The breakfast discussion went from there back to Hyundai, as Chafin gave RHBC members a rundown on the chronology of the Bryan County Mega-Site, which had its first incarnation in 2014 when state, regional and local economic developers attempted unsuccessfully to bring Volvo to Black Creek.
The now nearly 3,000 acre construction site sat undisturbed for several years, until 2021 when the state and the four-county region consisting of Bryan, Bulloch, Chatham and Effingham counties purchased the site through the Savannah Harbor Interstate 16 Corridor Development Authority, which is usually mercifully shortened to JDA.
Then came Hyundai in 2022, and what followed was “the largest economic development project in state history with $5.45 billion in investment, 8,100 jobs and 300,000 vehicles assembled a year,” Chafin said, while noting additional industries on both the Mega-Site and Richmond Hill also are in the works as LG will manufacture batteries in Black Creek and Hyundai Mobis will build power packs for the cars in Richmond Hill.
That 8,100 jobs number at Metaplant America won’t happen overnight, however.
“This ramp up will take place over several years,’ Chafin said.
The workers will come from a number of places, ranging from the military and the school system to Savannah Tech, which has already signed MOUs with both Hyundai and Sewon America, which is building a plant in Effingham County to make Hyundai parts, to help train workers.
What’s more, Chafin said, the JDA is conducting a workforce study to find ways to help both Hyundai and other industries in the area recruit employees.
At the same time, there’s expected to be people from other parts of the country who’ll move in – the vast majority of those 8,100 jobs are going to “Americans,” Chafin said – which will help small businesses in the JDA footprint.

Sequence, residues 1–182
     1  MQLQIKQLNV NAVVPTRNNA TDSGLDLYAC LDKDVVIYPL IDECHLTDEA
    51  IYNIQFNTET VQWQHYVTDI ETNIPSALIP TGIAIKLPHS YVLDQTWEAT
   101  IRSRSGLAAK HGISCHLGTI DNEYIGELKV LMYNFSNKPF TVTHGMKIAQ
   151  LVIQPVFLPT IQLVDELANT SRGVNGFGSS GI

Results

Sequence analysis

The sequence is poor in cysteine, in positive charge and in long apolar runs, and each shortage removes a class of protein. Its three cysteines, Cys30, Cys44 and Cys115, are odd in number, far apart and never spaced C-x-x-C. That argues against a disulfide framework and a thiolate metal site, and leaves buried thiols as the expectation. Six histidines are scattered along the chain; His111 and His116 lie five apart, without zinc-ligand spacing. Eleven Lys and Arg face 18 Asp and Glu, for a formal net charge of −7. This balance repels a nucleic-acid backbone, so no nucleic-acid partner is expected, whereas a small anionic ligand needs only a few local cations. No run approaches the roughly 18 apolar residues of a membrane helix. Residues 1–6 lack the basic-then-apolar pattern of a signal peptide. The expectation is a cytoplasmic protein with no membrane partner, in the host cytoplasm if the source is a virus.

Forbes shifted gears to transportation, setting up the topic by noting “everybody sees all this growth and commute times are getting twice as long as they used to be,” he said, asking how the officials planned to keep traffic moving.
Taylor said there’s some $250 million being invested in the Highway 280 corridor over the next few years, with the majority coming from the Georgia Department of Transportation. Other funding sources include industries that have to pay in advance to help offset their impact on traffic, TSPLOST, the penny Transportation Special Local Option Sales Tax, and county funding.
Much of the work set to take place includes the roundabout at highways 80 and 280 in Blitchton, a roundabout to replace the traffic signal at Oracal Parkway, and a two-roundabout upgrade to the I-16 interchange at 280. Additional roundabouts on 280, including one at Wilma Edwards Road, a new I-16 interchange at Old Cuyler Road are among the projects in the pipeline, Taylor said.
Forbes turned the forum discussion to Pembroke, asking City Administrator Chris Benson for an update on what’s happening in the county seat where growth is beginning to pick up steam.
He listed the city’s recent completion of its comprehensive plan and work to address “significant housing issues in the city,” as well as work on traffic issues, “which will only increase,” as Hyundai grows. One traffic issue will be solved by a roundabout at highways 67 and 119 in Pembroke, Benson said.